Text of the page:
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We have previously discussed the injunction issued by U.S. District Judge Royce Lamberth, who ruled that President Obama’s embryonic stem cell funding policy violated federal law.  That funding cutoff was stayed on appeal, the oral arguments of which were heard yesterday. From the story:

U.S. funding of human embryonic stem cell studies violates the law and must be stopped, a lawyer for two scientists who sued the Obama administration told a federal appeals court. The attorney, Thomas Hungar, sought today to persuade a three-judge panel in Washington to halt the flow of federal funds for research on stem cells where human embryos are injured or destroyed. A lower-court judge, ruling the research violated the 1996 Dickey-Wicker Amendment limiting stem-cell research, temporarily barred funding during the case. The U.S. appealed.

“There’s no question they are trying to, and are, incentivizing the destruction of embryos in violation of the amendment,” Hungar said. A lawyer for the Justice Department, Beth S. Brinkmann, said the spending is legal because the government isn’t paying for the destruction of embryos. The stem-cell lines used in the research were created outside the government, she said. Without the ability to support research on embryonic stem- cell lines, the government said, years of progress toward finding cures for diseases and disorders will be lost and scientists will look to other countries such as Singapore and China to continue their work.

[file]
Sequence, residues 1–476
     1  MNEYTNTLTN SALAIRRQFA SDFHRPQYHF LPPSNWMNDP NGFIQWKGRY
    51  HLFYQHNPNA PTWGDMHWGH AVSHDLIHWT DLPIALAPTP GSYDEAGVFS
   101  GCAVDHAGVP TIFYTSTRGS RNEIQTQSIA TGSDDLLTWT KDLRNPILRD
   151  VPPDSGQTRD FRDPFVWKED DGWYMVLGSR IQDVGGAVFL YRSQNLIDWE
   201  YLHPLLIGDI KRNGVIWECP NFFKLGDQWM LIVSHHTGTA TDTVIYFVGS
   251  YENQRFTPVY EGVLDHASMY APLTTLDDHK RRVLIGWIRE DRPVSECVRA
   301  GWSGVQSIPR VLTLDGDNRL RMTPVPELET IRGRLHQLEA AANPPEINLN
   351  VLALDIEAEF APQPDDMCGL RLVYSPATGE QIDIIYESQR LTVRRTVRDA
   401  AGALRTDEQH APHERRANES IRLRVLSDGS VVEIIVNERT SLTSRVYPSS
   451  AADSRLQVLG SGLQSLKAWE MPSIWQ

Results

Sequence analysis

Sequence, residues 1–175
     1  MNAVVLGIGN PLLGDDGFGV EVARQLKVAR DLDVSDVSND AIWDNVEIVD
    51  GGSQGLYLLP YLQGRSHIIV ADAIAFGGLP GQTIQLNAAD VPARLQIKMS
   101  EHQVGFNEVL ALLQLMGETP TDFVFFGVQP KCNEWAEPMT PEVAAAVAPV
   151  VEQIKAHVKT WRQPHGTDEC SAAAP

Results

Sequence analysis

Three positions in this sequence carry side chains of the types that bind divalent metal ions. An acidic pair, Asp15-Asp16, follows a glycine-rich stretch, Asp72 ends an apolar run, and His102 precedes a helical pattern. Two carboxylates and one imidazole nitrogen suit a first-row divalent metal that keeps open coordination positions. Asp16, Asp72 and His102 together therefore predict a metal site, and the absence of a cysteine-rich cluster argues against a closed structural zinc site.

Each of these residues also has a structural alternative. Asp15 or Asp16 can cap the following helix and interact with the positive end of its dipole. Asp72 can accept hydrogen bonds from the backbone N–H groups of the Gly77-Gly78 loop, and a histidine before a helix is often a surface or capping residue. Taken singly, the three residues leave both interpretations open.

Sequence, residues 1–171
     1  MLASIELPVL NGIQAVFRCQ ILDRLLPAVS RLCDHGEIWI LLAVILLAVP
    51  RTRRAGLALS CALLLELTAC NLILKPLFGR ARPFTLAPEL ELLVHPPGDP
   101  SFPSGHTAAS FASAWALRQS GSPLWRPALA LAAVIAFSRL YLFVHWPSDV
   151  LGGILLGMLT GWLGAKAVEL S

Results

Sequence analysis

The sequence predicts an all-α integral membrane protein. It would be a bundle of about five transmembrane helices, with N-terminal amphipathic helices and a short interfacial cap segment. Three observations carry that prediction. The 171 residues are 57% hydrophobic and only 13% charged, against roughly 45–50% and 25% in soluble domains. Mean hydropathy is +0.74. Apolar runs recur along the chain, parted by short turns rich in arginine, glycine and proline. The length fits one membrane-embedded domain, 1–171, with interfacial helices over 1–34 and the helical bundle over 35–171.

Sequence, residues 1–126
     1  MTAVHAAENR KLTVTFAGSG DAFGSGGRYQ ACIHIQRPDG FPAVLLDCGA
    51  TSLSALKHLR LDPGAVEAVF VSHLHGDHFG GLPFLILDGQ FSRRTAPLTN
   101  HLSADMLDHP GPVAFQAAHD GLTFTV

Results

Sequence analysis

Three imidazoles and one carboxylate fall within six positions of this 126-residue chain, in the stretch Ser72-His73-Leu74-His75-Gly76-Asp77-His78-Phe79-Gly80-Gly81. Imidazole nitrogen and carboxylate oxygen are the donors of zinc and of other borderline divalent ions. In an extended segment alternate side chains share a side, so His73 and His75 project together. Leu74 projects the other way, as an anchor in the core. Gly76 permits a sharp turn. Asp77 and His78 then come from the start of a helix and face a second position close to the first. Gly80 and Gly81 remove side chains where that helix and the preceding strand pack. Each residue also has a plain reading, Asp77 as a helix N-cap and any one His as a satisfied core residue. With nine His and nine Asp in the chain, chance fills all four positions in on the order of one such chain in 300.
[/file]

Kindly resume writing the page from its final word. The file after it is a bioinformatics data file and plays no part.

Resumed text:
Hardly lost.  It’s not as if scientists would have to shred their findings.  They would just have to rely on non federal money, which isn’t exactly in short supply: Even during the Bush years, ESCR researchers received more than $2 billion in the USA.

Moreover, the question isn’t what China or Singapore will do.  That is—or at least, should be—irrelevant.  The question is whether ESCR violates current federal law. And that boils down to whether embryo destruction and stem cell line derivation is one transaction—as Lamberth concluded—or whether embryo destruction can be distinguished from the research that follows, and thus, does not violate the Dickey Amendment’s prohibition on the Feds funding research that destroys embryos.  It’s a close question, and I think the appellate court could go either way.

However the appeal is decided, will the Supreme Court will take the case?  That depends on which side wins the appeal, but more on that later.

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